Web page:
This paper presents early findings from a larger study, into the use of linked data in the rail domain. The study and other literature has shown there to be benefits from improved integration of data in this domain and proposes that linked data in general and ontology in particular will address this. The paper will set out the current state of data integration in the British rail domain, highlighting issues found there. The manner in which linked data is employed in the broader transport domain will then be examined along with previous work pertaining to the rail domain.
This paper presents the railway core ontologies, a group of related ontologies designed to model the rail domain in detail. The purpose of these ontologies is to enable improved data integration in the rail domain, which will deliver business benefits in the form of improved customer perceptions and more efficient use of the rail network. The modularity of the ontologies allows for both detailed modelling of the domain at a high level and the storing of instance data at lower levels. It concludes that the benefits of improved rail data integration are best realised through the use of the railway core ontologies.Presented at KEOD 2015
This paper puts forward the case for using RaCoOn for data integration in the the rail domain and sets out tools for expanding RaCoOn
The exchange of information is crucial to the operation of railways; starting with the distribution of timetables, information must constantly be exchanged in any railway network. The slow evolution of the information environment within the rail industry has resulted in the existence of a diverse range of systems, only able to exchange information essential to railway operations. Were the cost of data integration reduced, then further cost reductions and improvements to customer service would follow as barriers to the adoption of other technologies are removed.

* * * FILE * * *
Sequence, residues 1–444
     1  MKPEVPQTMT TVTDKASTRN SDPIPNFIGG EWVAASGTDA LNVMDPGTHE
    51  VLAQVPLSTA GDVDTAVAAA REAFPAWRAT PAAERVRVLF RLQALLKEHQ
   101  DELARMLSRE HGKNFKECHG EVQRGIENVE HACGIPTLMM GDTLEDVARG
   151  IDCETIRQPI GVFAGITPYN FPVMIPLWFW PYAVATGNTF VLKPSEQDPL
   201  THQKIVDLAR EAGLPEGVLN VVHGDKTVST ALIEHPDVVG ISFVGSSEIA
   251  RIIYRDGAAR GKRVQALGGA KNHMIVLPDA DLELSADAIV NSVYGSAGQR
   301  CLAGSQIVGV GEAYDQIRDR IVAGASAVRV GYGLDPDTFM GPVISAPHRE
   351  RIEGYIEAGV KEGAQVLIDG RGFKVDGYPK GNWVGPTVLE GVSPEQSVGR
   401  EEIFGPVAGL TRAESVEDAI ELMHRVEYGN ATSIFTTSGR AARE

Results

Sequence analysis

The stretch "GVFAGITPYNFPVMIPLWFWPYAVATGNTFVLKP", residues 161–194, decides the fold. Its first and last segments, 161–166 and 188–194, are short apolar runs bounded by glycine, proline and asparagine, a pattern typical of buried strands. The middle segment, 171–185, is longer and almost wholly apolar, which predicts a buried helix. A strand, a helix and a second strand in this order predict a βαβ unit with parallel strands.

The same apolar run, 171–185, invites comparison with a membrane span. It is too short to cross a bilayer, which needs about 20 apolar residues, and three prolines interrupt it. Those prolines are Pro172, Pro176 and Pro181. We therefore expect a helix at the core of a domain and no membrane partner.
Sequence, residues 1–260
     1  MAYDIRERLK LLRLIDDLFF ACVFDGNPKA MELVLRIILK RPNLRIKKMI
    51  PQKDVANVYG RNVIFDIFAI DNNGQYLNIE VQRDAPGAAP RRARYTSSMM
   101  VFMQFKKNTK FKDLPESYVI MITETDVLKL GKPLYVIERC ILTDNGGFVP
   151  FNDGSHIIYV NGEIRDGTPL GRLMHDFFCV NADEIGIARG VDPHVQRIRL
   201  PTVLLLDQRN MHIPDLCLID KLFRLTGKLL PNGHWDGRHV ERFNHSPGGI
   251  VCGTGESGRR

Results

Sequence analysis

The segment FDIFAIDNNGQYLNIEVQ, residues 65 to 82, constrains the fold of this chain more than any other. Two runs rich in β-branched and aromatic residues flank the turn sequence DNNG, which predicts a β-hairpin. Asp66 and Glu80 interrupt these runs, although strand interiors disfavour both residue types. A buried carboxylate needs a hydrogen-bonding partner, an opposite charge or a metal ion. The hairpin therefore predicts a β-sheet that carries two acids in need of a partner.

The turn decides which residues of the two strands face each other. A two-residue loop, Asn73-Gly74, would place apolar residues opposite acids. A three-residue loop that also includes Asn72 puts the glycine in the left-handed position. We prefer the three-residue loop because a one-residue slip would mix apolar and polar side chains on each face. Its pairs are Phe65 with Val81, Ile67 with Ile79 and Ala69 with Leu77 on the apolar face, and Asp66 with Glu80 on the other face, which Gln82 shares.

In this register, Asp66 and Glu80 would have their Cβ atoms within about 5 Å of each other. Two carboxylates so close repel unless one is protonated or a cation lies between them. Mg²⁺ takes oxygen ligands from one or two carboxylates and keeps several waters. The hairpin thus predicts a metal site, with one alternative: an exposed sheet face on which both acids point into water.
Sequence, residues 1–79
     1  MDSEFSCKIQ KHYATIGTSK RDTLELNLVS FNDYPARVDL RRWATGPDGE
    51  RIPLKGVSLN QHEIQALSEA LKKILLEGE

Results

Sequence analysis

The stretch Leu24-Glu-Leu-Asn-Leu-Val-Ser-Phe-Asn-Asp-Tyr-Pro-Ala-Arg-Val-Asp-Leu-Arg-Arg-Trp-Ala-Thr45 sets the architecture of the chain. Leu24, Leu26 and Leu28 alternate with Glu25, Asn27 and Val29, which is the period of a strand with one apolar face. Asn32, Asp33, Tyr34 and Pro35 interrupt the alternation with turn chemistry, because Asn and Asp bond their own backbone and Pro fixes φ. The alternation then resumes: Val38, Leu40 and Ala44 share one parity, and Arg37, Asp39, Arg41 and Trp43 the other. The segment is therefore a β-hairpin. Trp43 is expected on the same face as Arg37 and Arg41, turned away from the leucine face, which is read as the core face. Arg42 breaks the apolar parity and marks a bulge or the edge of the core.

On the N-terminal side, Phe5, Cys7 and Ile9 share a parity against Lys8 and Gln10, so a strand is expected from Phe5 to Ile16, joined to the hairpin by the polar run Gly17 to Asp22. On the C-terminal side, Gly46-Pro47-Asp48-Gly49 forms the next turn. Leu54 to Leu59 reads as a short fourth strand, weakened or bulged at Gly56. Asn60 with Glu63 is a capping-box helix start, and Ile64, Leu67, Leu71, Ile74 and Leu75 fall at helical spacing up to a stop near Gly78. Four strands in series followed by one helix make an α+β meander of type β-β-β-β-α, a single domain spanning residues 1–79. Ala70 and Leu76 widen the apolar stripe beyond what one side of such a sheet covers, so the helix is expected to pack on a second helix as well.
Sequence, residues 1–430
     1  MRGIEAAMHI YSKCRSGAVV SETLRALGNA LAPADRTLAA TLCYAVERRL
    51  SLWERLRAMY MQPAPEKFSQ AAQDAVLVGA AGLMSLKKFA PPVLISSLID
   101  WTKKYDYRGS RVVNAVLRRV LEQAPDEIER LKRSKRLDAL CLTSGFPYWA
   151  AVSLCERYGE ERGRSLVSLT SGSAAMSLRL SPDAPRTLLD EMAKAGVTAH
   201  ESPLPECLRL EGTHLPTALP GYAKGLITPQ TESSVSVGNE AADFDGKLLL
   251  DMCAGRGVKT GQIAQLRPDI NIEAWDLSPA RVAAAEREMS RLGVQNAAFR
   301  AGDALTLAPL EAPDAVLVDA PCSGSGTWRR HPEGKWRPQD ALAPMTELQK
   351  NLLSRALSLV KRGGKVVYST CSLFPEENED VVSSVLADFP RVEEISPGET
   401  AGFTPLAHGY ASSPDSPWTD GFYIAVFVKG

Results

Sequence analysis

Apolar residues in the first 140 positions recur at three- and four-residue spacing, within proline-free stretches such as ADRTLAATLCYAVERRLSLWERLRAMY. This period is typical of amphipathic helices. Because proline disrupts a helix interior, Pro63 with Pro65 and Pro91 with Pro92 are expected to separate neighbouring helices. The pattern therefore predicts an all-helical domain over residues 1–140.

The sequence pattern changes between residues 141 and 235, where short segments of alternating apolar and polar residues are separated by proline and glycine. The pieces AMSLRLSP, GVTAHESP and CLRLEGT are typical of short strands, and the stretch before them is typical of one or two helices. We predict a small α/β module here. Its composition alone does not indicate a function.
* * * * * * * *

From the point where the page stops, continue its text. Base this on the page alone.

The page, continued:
The need for data integration has already been studied extensively and has been included in the UK industry's rail technical strategy, however, despite it's identification as a key technique for improving integration, uptake of ontology remains limited. This thesis considers techniques to reduce barriers to the take up of ontology in the UK rail industry, and presents a case study in which these techniques are applied. Amongst the key barriers to uptake identified are a lack of software engineers with ontology experience, and the diverse information environment within the rail domain. Techniques to overcomes these barriers using software based tools are considered, and example tools produced which aid the overcoming of these barriers.
The case study presented is of a degraded mode signalling system, drawing data from many sources, made more flexible in it's select of the available datasources by use of ontology. Tools created to improve data integration are employed in this commercial project, successfully combing signalling data with (simulated) train positioning data.
This was a thesis submitted to the University of Birmingham for the degree of Doctor of Philosophy.
If you wish to how it was made you can, via github